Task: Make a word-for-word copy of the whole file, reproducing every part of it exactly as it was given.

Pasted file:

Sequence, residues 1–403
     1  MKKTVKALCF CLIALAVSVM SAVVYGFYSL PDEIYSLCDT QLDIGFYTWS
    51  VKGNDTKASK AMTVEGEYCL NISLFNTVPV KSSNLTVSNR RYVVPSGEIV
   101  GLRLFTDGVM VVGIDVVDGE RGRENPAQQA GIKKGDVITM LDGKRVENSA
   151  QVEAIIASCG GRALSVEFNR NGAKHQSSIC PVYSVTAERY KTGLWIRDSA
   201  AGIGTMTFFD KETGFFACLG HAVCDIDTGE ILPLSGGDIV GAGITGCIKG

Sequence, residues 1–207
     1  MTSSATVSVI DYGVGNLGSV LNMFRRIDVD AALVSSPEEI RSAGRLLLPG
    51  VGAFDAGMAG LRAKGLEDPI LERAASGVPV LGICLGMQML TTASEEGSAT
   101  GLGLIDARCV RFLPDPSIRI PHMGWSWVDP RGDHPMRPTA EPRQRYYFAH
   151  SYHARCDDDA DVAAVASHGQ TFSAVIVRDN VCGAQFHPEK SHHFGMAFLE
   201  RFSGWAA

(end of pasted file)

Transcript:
Sequence, residues 1–403
     1  MKKTVKALCF CLIALAVSVM SAVVYGFYSL PDEIYSLCDT QLDIGFYTWS
    51  VKGNDTKASK AMTVEGEYCL NISLFNTVPV KSSNLTVSNR RYVVPSGEIV
   101  GLRLFTDGVM VVGIDVVDGE RGRENPAQQA GIKKGDVITM LDGKRVENSA
   151  QVEAIIASCG GRALSVEFNR NGAKHQSSIC PVYSVTAERY KTGLWIRDSA
   201  AGIGTMTFFD KETGFFACLG HAVCDIDTGE ILPLSGGDIV GAGITGCIKG

Sequence, residues 1–207
     1  MTSSATVSVI DYGVGNLGSV LNMFRRIDVD AALVSSPEEI RSAGRLLLPG
    51  VGAFDAGMAG LRAKGLEDPI LERAASGVPV LGICLGMQML TTASEEGSAT
   101  GLGLIDARCV RFLPDPSIRI PHMGWSWVDP RGDHPMRPTA EPRQRYYFAH
   151  SYHARCDDDA DVAAVASHGQ TFSAVIVRDN VCGAQFHPEK SHHFGMAFLE
   201  RFSGWAA